Revision 54 for 'Asbestosis'

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Asbestosis

Asbestosis refers to later development of diffuse interstitial fibrosis secondary to asbestos fiber inhalation and should not be confused with other asbestos related diseases 2.

Epidemiology

Asbestosis typically occurs 10-15 years following the commencement of exposure to asbestos and is dose related 3. Heavy asbestos exposure is predominantly encountered among men, as most exposures are occupational in the setting of construction, mining or ship/automotive industries.

Clinical presentation

Clinical presentation is insidious and non-specific with shortness of breath prompting imaging. Alternatively, the presence of asbestosis may become evident when a patient presents with other asbestos related diseases.

Pathology

Asbestosis is histologically very similar to usual interstitial pneumonia (UIP) with the addition of asbestos bodies 6.

Radiographic features

Plain radiograph

There are no pathognomonic radiological features specific for asbestosis 1. Chest radiograph may show irregular opacities with a fine reticular pattern. Additional evidence of asbestos exposure such as calcified or non-calcified pleural plaques may be evident.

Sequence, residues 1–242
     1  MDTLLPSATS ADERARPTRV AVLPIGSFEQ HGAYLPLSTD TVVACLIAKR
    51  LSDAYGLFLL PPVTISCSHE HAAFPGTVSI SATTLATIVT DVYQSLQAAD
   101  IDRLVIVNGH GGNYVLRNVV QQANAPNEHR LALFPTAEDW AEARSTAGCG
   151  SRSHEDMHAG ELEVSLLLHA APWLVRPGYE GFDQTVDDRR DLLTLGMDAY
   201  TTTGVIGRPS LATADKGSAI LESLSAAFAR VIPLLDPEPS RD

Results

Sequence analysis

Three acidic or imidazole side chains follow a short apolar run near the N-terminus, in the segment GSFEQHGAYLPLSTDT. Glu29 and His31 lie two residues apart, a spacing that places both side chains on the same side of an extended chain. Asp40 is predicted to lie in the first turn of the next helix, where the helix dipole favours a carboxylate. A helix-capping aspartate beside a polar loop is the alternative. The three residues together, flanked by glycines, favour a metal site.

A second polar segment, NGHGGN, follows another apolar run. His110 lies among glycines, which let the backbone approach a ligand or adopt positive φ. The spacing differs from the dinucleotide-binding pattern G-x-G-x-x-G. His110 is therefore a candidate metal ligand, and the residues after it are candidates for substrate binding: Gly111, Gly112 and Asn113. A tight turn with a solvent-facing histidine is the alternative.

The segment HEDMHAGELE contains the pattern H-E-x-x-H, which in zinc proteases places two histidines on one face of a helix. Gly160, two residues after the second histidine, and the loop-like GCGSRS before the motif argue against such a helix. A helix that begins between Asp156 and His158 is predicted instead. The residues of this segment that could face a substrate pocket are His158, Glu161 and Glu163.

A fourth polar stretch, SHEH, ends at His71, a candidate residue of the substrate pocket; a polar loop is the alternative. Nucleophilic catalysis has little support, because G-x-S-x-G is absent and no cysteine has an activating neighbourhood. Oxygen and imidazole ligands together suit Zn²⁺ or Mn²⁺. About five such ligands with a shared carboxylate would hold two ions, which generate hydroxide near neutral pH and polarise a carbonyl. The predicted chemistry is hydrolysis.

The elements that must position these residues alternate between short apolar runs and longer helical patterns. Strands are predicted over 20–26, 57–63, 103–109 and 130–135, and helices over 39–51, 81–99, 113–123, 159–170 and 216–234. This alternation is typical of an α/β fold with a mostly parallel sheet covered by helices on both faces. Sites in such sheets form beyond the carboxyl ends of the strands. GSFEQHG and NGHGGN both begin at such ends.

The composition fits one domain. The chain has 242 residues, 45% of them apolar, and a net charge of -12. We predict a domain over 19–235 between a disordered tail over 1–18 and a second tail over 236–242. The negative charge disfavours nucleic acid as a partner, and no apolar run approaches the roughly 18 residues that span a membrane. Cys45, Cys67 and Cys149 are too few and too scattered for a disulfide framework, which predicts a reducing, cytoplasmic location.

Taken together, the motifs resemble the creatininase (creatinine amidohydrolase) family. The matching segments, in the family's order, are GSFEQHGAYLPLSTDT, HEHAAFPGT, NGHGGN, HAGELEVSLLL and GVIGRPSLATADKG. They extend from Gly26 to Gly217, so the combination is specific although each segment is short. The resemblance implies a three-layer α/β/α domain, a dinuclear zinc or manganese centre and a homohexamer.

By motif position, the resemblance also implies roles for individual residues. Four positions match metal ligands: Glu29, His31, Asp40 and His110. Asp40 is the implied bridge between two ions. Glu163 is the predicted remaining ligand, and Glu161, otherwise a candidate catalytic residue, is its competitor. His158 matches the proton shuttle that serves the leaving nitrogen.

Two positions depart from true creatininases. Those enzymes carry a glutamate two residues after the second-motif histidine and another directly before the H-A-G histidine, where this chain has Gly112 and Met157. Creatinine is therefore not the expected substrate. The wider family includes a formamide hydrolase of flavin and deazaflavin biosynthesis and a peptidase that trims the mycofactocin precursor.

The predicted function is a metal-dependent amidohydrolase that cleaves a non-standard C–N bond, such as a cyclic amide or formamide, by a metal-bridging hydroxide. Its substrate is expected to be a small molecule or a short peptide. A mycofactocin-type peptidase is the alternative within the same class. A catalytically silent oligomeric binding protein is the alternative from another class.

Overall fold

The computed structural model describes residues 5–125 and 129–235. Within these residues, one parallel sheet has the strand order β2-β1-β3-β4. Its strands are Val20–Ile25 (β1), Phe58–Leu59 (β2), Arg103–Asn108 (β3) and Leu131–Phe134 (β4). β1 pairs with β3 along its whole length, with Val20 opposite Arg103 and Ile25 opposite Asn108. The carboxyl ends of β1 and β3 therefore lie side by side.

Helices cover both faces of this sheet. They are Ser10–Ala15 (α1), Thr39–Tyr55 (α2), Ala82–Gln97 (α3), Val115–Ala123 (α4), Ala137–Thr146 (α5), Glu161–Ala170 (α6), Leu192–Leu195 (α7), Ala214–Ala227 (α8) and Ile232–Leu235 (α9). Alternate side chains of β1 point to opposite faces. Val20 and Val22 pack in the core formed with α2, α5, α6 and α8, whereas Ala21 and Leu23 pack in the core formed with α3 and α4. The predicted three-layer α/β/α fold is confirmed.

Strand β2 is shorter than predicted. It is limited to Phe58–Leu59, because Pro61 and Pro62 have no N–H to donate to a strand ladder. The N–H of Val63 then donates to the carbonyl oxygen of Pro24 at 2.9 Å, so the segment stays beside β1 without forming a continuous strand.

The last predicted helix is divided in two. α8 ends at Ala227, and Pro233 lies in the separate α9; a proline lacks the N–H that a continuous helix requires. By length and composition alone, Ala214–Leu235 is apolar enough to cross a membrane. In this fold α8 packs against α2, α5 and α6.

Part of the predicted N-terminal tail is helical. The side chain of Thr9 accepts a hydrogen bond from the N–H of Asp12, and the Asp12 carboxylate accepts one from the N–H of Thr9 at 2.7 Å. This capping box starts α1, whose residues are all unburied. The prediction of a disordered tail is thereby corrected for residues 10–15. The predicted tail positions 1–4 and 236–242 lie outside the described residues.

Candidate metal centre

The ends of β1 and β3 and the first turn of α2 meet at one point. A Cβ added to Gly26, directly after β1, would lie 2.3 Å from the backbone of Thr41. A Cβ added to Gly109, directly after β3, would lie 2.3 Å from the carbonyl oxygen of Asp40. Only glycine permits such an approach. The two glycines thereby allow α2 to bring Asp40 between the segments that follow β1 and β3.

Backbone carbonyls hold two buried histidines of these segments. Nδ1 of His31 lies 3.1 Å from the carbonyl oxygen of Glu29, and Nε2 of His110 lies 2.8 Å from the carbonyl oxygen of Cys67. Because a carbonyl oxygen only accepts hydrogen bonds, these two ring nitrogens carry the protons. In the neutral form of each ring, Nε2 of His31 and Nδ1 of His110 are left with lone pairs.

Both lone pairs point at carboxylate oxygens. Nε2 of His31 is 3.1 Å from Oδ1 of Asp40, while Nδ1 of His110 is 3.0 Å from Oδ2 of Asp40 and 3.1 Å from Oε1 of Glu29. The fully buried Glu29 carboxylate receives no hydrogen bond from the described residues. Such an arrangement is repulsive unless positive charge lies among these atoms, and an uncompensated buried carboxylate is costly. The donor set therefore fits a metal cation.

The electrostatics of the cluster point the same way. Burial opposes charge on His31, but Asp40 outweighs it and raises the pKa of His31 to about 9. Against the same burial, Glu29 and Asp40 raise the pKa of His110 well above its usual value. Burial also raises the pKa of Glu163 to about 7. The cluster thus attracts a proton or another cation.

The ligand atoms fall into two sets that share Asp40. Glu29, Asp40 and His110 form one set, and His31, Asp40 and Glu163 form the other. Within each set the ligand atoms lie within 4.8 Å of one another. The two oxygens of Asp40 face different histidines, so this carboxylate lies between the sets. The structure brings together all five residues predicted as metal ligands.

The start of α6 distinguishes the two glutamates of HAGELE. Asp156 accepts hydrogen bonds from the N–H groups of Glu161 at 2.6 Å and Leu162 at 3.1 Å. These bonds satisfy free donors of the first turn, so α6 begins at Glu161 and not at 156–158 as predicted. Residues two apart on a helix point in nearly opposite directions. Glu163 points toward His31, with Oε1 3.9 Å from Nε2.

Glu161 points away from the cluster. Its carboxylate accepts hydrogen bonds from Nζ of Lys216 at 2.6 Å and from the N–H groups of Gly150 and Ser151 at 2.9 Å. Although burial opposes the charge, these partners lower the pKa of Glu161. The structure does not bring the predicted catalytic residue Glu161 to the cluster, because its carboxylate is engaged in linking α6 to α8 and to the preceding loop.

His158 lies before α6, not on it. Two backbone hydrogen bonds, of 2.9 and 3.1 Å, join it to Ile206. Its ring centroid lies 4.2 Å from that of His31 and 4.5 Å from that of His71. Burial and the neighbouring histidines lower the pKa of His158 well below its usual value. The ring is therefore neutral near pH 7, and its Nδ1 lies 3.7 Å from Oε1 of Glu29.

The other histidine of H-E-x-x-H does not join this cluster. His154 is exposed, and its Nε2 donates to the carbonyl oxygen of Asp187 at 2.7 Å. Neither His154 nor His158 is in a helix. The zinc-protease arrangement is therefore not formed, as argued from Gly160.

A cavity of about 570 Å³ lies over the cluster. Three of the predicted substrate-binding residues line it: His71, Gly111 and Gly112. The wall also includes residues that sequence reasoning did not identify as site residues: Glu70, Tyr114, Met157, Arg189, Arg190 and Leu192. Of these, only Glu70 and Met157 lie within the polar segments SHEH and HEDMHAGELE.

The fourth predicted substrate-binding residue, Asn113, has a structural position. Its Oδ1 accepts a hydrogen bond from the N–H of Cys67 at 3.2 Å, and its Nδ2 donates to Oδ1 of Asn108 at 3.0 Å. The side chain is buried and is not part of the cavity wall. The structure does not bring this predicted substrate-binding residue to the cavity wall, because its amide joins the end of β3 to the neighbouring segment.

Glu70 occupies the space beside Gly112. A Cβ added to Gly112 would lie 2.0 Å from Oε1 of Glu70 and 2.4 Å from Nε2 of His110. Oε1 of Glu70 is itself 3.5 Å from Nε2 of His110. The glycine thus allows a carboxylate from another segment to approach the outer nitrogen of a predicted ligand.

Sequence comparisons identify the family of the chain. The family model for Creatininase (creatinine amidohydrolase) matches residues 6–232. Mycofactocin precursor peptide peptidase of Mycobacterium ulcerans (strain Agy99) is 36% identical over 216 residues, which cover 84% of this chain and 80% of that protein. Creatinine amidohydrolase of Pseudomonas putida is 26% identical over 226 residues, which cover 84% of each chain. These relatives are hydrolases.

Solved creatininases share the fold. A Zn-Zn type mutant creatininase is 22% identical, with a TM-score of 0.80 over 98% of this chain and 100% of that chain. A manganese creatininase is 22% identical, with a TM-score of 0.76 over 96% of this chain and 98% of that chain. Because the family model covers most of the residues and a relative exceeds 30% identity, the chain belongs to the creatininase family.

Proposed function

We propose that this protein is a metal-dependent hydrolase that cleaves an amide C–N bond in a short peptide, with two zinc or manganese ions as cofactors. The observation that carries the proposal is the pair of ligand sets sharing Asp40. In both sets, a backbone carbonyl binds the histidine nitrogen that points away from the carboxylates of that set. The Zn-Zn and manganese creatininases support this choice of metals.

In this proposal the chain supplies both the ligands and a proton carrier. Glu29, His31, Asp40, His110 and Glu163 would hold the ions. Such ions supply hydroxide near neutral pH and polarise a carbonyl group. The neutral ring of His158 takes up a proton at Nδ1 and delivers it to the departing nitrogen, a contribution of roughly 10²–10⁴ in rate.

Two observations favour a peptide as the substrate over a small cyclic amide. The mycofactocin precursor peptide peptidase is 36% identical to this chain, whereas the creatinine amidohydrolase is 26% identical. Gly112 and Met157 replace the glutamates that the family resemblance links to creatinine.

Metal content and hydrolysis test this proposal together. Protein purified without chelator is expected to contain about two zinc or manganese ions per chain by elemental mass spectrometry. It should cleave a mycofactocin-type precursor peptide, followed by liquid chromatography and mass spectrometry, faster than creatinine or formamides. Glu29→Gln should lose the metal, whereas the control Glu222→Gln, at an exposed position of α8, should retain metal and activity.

CT

Appearances of asbestosis vary with the duration and severity of the condition. Early manifestations are largely confined to the peripheral region of the lower zones and are subtle. They include:

  • centrilobular dot-like opacities: peribronchial fibrosis
  • intralobular linear opacities: reticulation
  • subpleural lines (often curvilinear)

These changes may be similar in appearance to dependent atelectasis, especially when located posteriorly, and thus supine and prone scans are recommended 3.

As the fibrosis progresses, a number of more definite findings are seen, which continue to be particularly subpleural and lower lung zone in distribution. They include:

Pleural effusions and pleural plaques are common manifestations of asbestos related disease, however hilar and mediastinal lymphadenopathy is usually absent. A careful search for malignancy both of the lung (bronchogenic carcinoma) and pleura (mesothelioma) should be undertaken especially if nodal enlargement is seen.

Treatment and prognosis

There is, unfortunately, no proven treatment for asbestosis, and although termination of exposure is, of course, essential, it is usually far too late as many years have invariably already elapsed 5-7.

Cessation of smoking is also mandatory as the two are independent and synergistic risk factors for bronchogenic carcinoma 5.

Progression of disease is variable and appears related to the degree of exposure. Some patients remain stable for many years whereas other progress to end-stage pulmonary fibrosis rapidly 6-7. Causes of death include 7:

Differential diagnosis

Consider other causes of pulmonary fibrosis:

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